To be fair, though, there are at least two other factors to consider.    First, the translational speed of the tornadoes may have impacted the degree of damage.   Though the forward motion of both tornadoes was comparable, the Tuscaloosa tornado was translating ~10 mph faster.  Since the tornadoes were about the same size (when they were most damaging), one can deduce that the Andover tornado spent more time at each location it hit.  Thus, one might expect the Andover tornado to produce a higher degree of damage (even though the tornadic winds would be slightly higher in the Tuscaloosa tornado, given the translational speed).

Second, it’s possible that the most intense portions of the Tuscaloosa tornado were visually obscured by condensation.  Often, this is the reason why some large and violent tornadoes don’t appear incredibly intense, but damage surveys reveal extreme damage.  I suppose one could estimate the lifted condensation level (LCL) and ballpark it, but I’ll leave that to someone else!

Nevertheless, to date, I have not seen a video of a large tornado that is more violent than the Andover tornado.  Are there any other candidates?  Perhaps the Xenia F5 tornado (April 3, 1974) was as violent?

What other tornadoes would you place in this category?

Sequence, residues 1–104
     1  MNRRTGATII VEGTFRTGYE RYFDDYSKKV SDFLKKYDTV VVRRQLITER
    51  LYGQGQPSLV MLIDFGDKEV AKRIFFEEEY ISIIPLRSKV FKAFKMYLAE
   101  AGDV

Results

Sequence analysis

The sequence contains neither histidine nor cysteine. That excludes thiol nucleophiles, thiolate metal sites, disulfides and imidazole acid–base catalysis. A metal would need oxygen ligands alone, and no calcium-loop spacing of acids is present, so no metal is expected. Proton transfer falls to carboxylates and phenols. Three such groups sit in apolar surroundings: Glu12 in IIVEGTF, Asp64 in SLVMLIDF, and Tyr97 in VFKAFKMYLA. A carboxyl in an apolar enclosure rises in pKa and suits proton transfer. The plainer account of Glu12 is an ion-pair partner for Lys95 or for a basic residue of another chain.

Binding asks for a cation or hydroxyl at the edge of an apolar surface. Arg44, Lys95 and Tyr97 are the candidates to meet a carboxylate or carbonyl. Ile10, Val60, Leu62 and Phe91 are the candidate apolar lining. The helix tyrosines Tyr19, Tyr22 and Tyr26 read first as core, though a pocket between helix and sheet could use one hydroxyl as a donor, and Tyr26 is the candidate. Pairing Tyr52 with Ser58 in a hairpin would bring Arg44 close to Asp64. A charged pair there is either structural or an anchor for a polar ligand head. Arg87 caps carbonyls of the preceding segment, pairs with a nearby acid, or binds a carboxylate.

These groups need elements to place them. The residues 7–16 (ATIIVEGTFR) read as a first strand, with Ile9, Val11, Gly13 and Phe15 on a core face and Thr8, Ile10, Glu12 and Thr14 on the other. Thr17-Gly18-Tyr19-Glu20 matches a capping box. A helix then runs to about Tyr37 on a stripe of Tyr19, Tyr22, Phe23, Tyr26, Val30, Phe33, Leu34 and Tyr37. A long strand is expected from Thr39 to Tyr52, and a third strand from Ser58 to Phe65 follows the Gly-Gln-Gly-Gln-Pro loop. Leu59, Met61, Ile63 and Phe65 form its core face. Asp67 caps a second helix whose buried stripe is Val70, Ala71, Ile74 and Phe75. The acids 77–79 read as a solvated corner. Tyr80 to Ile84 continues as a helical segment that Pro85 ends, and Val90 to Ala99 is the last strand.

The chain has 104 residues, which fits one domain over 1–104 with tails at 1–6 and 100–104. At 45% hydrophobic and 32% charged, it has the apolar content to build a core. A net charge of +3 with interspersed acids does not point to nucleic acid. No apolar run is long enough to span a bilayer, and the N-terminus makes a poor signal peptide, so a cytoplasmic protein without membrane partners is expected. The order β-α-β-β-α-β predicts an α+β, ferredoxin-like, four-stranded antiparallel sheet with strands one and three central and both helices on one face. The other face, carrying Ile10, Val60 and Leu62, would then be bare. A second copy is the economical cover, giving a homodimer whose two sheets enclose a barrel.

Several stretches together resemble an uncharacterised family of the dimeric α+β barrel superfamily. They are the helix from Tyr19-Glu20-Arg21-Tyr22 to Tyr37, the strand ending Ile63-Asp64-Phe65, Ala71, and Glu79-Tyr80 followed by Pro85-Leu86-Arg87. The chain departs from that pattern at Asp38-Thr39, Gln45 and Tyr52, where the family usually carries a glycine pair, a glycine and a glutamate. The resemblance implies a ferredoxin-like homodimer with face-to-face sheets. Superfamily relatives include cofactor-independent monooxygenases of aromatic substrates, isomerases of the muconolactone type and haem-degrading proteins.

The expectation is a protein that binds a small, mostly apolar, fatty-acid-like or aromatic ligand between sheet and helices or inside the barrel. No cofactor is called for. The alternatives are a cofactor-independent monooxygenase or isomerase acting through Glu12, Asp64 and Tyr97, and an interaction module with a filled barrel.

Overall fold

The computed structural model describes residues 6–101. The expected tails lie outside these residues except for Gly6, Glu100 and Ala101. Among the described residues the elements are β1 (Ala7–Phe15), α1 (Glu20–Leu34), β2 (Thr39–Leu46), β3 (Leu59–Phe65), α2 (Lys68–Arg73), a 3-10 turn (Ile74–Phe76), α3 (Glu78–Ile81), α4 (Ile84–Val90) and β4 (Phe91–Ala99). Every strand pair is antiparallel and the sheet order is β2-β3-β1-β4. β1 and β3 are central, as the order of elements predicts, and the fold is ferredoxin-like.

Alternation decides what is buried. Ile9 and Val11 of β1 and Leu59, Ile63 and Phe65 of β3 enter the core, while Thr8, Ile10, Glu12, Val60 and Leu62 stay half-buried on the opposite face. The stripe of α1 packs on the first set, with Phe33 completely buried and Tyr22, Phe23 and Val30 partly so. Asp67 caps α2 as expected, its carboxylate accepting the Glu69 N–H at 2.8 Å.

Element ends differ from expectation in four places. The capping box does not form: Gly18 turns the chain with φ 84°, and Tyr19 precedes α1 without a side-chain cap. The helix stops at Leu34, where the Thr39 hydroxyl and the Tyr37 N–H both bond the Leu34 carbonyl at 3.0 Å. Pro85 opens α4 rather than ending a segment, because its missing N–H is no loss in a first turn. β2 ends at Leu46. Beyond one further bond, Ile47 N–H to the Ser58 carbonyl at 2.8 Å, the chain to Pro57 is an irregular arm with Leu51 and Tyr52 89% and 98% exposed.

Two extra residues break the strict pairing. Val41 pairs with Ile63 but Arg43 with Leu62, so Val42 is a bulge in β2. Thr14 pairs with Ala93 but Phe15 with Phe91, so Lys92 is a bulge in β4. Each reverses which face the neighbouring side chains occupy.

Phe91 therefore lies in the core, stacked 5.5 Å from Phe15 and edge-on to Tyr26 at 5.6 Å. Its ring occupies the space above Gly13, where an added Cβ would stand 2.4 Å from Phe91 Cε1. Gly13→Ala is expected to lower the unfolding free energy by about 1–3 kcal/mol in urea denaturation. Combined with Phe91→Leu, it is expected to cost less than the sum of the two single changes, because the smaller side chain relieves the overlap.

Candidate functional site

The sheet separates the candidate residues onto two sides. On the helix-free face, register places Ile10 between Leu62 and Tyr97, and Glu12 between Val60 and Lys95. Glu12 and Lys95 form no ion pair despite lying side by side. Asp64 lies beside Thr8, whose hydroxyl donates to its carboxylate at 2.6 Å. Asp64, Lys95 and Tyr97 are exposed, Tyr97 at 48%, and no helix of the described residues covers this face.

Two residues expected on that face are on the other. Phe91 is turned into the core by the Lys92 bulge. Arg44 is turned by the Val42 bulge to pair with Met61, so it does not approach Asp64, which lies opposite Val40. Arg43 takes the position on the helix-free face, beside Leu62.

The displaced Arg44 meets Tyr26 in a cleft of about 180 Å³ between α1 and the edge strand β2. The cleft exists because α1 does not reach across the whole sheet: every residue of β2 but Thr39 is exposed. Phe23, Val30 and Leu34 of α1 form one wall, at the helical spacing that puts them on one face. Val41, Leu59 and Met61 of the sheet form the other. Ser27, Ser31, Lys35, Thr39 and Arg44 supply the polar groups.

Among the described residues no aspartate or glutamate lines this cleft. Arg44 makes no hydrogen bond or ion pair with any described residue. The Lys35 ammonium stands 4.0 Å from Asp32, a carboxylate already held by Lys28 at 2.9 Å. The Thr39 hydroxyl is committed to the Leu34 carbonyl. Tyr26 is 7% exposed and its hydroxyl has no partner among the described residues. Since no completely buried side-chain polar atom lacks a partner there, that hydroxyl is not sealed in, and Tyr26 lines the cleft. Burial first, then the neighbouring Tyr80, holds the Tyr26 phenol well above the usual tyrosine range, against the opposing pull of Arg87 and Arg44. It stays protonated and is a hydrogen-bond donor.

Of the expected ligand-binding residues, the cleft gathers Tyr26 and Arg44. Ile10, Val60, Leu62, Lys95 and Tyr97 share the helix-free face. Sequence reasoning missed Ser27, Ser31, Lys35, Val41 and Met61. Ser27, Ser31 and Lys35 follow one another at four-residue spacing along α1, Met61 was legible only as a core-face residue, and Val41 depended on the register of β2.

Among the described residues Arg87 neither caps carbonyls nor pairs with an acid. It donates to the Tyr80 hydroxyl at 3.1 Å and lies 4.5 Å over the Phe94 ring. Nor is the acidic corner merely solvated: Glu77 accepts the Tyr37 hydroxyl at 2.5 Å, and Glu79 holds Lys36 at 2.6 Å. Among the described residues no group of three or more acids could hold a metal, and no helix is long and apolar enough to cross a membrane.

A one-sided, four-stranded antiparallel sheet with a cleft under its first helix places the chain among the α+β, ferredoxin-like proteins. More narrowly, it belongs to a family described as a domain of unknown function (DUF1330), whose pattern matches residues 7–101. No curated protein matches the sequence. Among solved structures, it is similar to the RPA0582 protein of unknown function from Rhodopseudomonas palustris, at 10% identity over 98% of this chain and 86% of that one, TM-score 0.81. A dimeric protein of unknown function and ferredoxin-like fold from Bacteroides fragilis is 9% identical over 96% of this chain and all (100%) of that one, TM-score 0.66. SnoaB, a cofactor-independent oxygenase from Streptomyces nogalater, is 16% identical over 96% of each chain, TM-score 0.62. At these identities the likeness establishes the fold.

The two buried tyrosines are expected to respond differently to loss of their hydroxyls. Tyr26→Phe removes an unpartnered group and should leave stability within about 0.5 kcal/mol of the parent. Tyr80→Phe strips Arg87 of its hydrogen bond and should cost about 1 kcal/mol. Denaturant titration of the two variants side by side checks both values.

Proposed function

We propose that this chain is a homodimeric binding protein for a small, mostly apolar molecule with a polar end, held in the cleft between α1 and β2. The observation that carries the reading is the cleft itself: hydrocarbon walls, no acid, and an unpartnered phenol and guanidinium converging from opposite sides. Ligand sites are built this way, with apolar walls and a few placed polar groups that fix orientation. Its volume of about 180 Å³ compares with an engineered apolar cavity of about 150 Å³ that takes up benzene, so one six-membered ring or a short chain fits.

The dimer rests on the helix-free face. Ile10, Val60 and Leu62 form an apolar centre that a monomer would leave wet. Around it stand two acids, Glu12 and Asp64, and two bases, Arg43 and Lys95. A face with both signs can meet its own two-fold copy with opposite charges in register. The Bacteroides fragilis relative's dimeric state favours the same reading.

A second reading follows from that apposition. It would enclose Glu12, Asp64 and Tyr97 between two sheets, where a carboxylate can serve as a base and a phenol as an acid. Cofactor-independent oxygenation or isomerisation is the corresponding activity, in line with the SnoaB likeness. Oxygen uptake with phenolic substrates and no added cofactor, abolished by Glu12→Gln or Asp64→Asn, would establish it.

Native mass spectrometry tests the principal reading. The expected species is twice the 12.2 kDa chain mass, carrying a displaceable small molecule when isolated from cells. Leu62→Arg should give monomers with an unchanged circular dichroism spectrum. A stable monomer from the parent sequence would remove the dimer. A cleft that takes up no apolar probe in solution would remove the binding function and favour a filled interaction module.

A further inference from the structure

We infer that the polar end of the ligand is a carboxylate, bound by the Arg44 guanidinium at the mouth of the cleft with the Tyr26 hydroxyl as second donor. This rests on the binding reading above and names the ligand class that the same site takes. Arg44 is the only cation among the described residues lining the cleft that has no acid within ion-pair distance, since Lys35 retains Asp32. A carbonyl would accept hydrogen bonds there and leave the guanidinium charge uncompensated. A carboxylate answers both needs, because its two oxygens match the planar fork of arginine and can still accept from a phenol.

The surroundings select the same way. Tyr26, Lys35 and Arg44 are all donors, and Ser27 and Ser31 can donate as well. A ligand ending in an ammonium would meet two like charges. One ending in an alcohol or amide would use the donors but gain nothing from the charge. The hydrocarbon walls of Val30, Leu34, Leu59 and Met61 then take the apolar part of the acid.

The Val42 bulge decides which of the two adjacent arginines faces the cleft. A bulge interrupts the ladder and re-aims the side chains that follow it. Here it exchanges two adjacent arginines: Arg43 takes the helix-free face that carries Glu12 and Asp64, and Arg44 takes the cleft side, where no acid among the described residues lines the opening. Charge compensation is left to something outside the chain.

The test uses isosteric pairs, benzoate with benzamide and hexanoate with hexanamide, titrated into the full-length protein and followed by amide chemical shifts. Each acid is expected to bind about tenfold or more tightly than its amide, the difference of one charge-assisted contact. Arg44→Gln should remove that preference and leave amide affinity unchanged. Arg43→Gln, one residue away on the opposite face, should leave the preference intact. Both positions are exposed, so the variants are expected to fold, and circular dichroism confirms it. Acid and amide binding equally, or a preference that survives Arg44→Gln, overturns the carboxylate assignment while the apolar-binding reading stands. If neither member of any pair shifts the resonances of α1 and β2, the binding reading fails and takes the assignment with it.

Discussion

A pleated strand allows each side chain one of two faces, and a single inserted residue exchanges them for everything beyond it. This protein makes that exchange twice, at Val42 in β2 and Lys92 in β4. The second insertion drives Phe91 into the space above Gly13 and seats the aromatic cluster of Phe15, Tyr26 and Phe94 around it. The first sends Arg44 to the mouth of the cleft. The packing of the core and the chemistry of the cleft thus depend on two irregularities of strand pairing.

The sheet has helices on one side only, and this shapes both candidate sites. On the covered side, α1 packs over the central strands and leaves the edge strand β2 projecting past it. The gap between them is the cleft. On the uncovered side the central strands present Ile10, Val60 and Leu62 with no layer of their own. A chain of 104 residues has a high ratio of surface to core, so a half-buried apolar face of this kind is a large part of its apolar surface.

About Gabe Garfield

B.S. and M.S in Meteorology from the Univ. of Oklahoma | Storm Chasing | Extreme Weather | Business at the Univ. of Tennessee | Psalm 97:4
This entry was posted in General, Weather and tagged , , , , . Bookmark the permalink.

10 Responses to A Comparison of 2 Incredibly Violent Tornadoes

  1. allthingsgeography1 says:

    May 3, 1999: http://www.youtube.com/watch?v=5DvoIMvAkQ8

    If you skip to 5:15-6:05, one thing that strikes me is the enormous debris cloud/debris-fall extending well away from the condensation funnel (lesson here: the tornado’s areal extent doesn’t end where the cloud funnel stops). I’ve seen video that goes some seconds beyond what they show in this particular video where the tornado vortex of course displays intense vertical velocities and even a strong snaking horizontal vortex. Still, I would tend to agree that Andover seems to be the most visually intense and almost screams violence. When I was young in the early/mid-1990s, Andover was the tornado I always saw in tornado documentaries.